Brain tumor fighter finds comfort and community in Rocky Mountain Fisher House
Eugenia Mahaffey had moved away from Laramie, Wyoming to Wichita, Kansas, and she wasn’t particularly interested in returning for her 20-year high school reunion, but her parents convinced her to.
“So I came to the 20th reunion and they always have a mixer the first night, where you kind of get to know each other again,” she said. “And, I walked in and the tallest man in the room was my [future] husband and I just, ‘Wow.’ You know, ‘There he is. He's pretty cute.’ So anyway, we hit it off and before I knew it, he had me in a moving truck moving back to Wyoming.”
Eugenia was a dental auxiliary, and she quickly went to work in a new dental practice in Laramie and lived with Michael, a Vietnam veteran and postal carrier. The couple had been together for 38 years when Eugenia started having trouble with all sorts of things, from her memory to speaking to being able to tell whether she was standing or sitting.
It took her doctor a long time to find the problem, but he kept pushing and doing more tests until, one day, he sat her down.
“He says, ‘Everything is just fine and dandy, except you have a brain tumor.’ I said, 'No, I do not.’”
But she did. A small tumor was sitting on her pituitary gland, probably since birth, and it had been slowly growing larger and then rapidly developed a cyst. The pressure had thrown her pituitary gland off balance and affected the rest of her body and mind. She got a radiation oncology team and was told that she would need six weeks of radiation, because surgeons couldn’t cut too close to the pituitary gland.
A patient advocate let her know that, because of her husband’s service, she would be eligible to stay at the Rocky Mountain Regional Fisher House.
Mike served in an artillery battery in the Mekong River Delta in southern Vietnam where he was tasked as the unit mailman, good preparation for his over 30 years as a postman.
Eugenia thought she remembered seeing the Fisher House. She was thinking of an old brick building that might’ve dated to the 19th century. When she mentioned that, her patient advocate just laughed and said, “I think you will find this might be just a little different than what you’re thinking.”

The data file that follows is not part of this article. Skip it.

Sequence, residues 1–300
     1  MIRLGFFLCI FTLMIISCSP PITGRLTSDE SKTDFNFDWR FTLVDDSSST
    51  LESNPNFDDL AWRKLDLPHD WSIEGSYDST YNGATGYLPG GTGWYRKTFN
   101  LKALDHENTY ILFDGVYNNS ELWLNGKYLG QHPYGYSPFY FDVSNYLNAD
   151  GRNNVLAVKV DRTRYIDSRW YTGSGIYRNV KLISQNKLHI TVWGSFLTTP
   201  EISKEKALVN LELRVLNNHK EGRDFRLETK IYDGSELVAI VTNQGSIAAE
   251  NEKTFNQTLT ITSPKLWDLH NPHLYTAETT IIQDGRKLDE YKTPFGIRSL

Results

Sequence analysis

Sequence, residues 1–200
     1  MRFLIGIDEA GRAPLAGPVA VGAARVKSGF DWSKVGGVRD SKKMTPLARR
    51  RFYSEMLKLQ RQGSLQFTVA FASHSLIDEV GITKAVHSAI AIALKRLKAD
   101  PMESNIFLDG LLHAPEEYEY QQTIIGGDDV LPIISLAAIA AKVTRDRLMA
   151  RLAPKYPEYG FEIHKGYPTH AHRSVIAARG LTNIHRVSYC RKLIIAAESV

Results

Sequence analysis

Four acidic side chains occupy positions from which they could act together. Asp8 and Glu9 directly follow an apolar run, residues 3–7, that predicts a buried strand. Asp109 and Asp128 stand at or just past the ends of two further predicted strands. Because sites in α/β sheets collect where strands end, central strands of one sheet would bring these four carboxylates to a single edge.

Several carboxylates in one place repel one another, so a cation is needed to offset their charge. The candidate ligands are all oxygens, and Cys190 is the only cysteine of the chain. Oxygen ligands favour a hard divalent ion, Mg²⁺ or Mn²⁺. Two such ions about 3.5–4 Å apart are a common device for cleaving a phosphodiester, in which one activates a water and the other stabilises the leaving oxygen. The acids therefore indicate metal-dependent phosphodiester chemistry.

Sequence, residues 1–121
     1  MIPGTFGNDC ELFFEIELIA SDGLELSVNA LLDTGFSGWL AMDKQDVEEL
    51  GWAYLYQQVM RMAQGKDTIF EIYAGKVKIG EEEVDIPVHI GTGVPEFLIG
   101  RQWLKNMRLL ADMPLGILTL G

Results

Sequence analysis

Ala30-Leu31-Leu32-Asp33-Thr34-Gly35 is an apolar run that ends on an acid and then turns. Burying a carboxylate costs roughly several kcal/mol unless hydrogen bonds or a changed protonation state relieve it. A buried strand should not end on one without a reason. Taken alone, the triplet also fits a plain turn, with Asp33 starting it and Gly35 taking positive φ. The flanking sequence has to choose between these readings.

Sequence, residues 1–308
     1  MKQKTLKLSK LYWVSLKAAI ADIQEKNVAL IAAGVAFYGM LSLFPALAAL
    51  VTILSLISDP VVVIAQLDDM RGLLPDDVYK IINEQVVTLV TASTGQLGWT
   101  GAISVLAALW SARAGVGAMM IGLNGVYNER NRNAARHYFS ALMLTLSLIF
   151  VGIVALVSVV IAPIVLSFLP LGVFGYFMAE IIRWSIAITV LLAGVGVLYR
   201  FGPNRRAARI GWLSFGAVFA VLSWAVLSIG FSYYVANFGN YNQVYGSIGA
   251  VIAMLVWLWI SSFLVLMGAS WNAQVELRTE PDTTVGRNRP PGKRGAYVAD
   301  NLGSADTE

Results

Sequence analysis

A staff member, Wanda, gave them a tour of the Fisher House.
"She just nonchalantly takes us over to the kitchen, and I'm like, ‘Oh my God, I can't believe that. It is just amazing. So I can't say good enough, enough, good stuff about it. And the Fishers, I mean, how wonderful that they are able to do wonderful work that benefits future generations, that benefits the patient, the spouse, the children, the grandchildren. It's just something that keeps on giving.”
“Everybody is very friendly and caring and they to do whatever they can do to help you out no matter what kind of situation you're in,” she said.
Eugenia made a lot of friends while she was at the house, including other families that were there to fight cancer. Celia, from Nebraska, was supporting a husband fighting cancer, and the two women would talk for hours.
“Her husband was pretty ill and didn't come down to the kitchen very often,” Eugenia said, “but she and I were down there flapping our mouths and we, we did solve a lot of problems of the world.”
Between her new friends at the Fisher House and her husband, Eugenia had a full support group as she went through radiation. On February 11, Eugenia’s surgeon gave her the good news: The tumor and the cyst had shrunk significantly. She’ll likely not need any further treatment.
“We both feel blessed to have the Fisher House just two-and-a-half hours from our home,” the couple said. “What a lovely warm welcoming facility. We were made to feel at home the moment we walked in the door. It’s clean, warm and has friendly staff and caring fellow residents. You just can’t beat it.”